Culture Street
Mike Eden - teachers
You can include ArtisanCam in your teaching in a number of ways, from classroom activities guided by the classroom workshop video clips to research using timelapse, techniques, influences or questions sections or using the interactive online learning tools. Featured artists usually have seven sections and the table below will tell you what you should expect to see:

Through using the site, and being encouraged to discuss, reflect on and modify the work they produce, pupils will know, do or understand the following:
  1. identify the materials used in decorative functional objects
  2. learn to identify techniques used in decorative functional objects
  3. realise that there are contemporary artists who create art as a living
  4. understand the motivations behind the choice of art as a career
  5. create a functional object from natural materials using the techniques outlined on the site
  6. explain how they are making and decorating their objects
  7. to make comments about the work, showing understanding of why these materials are used
  8. to review what they and others have done, say what they think and feel about it and what they might change.
You may find other ILOs equally or more applicable to your pupils' needs.

cross curricular
Mike creates colourful ceramics.

Science KS 2
Changing materials.
Design Technology KS 2
Evaluating processes and products.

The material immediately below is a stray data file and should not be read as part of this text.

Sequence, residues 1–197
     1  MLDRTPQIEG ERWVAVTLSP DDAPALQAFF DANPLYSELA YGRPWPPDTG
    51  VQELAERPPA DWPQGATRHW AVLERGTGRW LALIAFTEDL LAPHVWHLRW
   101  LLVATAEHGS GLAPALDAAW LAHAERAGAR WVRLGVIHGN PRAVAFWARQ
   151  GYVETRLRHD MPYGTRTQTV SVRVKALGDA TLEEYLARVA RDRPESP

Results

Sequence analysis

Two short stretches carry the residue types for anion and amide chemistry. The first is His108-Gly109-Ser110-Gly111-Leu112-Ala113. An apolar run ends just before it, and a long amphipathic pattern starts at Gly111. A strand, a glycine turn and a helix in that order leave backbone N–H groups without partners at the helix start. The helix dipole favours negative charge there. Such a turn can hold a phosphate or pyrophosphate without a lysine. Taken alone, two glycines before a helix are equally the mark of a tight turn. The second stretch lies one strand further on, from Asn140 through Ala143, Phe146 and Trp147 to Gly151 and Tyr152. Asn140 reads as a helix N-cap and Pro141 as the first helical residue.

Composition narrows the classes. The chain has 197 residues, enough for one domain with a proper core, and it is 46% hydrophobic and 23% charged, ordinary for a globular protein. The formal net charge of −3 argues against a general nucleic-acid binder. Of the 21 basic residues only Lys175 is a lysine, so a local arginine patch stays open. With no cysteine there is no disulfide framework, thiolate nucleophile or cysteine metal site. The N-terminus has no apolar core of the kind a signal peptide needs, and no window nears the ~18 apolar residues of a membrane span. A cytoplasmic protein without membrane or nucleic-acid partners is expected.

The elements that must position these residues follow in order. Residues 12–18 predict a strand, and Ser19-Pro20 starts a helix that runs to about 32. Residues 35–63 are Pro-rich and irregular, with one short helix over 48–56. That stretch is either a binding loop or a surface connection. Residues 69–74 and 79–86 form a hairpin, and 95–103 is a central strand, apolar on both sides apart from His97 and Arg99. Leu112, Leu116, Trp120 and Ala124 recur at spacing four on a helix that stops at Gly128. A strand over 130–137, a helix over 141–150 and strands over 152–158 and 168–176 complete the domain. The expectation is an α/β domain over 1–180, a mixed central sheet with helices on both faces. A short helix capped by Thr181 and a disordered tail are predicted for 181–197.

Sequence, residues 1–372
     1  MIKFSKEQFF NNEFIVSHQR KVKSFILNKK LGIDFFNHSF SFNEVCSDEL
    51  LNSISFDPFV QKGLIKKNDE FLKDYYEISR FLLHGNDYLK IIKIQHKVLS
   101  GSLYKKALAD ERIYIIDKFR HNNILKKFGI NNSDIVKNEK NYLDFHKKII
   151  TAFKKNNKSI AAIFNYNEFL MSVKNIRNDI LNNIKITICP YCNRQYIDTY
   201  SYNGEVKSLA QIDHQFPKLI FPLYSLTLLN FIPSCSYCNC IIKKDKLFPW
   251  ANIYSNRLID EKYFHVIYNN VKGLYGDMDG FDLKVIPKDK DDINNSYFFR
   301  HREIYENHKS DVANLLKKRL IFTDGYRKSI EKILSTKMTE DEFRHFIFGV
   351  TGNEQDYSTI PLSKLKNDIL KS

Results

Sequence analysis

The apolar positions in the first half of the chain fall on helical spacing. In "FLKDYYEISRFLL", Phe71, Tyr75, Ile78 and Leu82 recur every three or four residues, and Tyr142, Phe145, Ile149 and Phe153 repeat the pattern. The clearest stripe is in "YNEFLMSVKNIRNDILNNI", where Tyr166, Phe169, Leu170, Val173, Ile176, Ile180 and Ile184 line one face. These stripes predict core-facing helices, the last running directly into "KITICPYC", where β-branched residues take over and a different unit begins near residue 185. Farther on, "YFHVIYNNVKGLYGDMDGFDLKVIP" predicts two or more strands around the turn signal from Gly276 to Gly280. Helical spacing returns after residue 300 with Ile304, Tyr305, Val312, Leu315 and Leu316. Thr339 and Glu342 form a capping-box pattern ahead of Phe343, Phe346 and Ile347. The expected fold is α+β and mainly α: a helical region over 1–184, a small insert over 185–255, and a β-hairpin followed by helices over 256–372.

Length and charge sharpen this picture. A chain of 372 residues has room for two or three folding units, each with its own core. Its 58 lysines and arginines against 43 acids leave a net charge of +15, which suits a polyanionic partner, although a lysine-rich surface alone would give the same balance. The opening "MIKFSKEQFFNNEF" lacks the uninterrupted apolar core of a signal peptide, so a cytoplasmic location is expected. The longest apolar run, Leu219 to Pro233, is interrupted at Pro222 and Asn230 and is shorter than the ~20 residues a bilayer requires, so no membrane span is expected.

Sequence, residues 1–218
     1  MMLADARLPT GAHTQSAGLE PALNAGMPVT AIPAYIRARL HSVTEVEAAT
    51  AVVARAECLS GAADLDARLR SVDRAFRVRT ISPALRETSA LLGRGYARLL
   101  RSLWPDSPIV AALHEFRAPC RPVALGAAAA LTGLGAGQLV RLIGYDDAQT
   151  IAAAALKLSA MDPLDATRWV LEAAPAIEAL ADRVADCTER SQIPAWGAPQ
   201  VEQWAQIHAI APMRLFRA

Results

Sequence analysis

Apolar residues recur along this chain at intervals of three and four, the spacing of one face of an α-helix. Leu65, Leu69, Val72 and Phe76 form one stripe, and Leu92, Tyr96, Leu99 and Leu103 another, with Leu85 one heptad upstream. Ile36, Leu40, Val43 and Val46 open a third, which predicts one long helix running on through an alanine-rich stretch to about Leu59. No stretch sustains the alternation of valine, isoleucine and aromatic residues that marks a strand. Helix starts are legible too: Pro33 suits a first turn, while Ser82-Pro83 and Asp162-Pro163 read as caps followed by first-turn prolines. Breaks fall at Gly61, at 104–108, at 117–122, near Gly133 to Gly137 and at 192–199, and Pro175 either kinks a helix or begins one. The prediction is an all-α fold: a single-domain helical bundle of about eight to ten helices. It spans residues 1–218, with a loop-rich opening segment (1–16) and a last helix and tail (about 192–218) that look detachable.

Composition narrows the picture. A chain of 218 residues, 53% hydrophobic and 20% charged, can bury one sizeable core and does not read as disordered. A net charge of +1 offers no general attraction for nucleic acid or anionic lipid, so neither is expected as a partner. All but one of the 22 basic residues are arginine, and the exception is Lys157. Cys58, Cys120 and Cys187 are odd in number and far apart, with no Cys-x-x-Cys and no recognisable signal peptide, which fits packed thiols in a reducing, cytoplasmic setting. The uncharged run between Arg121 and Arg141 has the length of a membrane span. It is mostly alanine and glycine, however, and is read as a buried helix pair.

The two ceramic vases took about five weeks to complete using terracotta clay and slip decoration. This includes approximately ten days when the clay will be drying out prior to firing. All of this was captured in a timelapse video.

Mike demonstrates techniques used in the production of the two vases and his work in general.
Mike chose to visit The Bowes Museum in County Durham and look at their extensive ceramics collection. To find out more about The Bowes Museum why not go to 

classroom workshops
The clay coil workshop uses the following materials:

  1. One bag of earthenware clay (terracotta or grey will do)
  2. Wooden or cardboard boards for standing the finished work on.

The workshop uses the following tools:

  1. Plastic knives
  2. Plastic cards or pieces of flexible plastic

You may also find these things useful:

  1. Aprons
  2. Plastic top tables


  1. This workshop uses real clay not air drying clay.
  2. Ask the children to visualise a shape that they are aiming for before starting.
  3. Do not make the ball of clay that each child receives too large. This size determines the size of the finished object.
  4. Do not allow the children to squeeze the walls of the pot too thin as it makes it difficult to apply the coils and maintain the shape.
  5. Unless you have access to a kiln warn the children that the end product of the session is a photograph of them with their object.
  6. Allow the objects to dry so that you can compare wet and dry clay.
Within the Questions section of the site there are three types of questions, those asked by us, those that have come from children via the live video conference links with the artist, and questions submitted via the submit button.
other interesting sites (relating to this terms activity)

National Society for Education in Art and Design

An online resource for educational specialists, resources and support

Gateway to over 3,000 UK Museums, Galleries and Heritage Attractions
activity - Slip Decorator
Slipdecorator allows the user to make a virtual decorated plate and fire it in a virtual kiln. The virtual tools are based on tools in Potter Mike Eden's studio.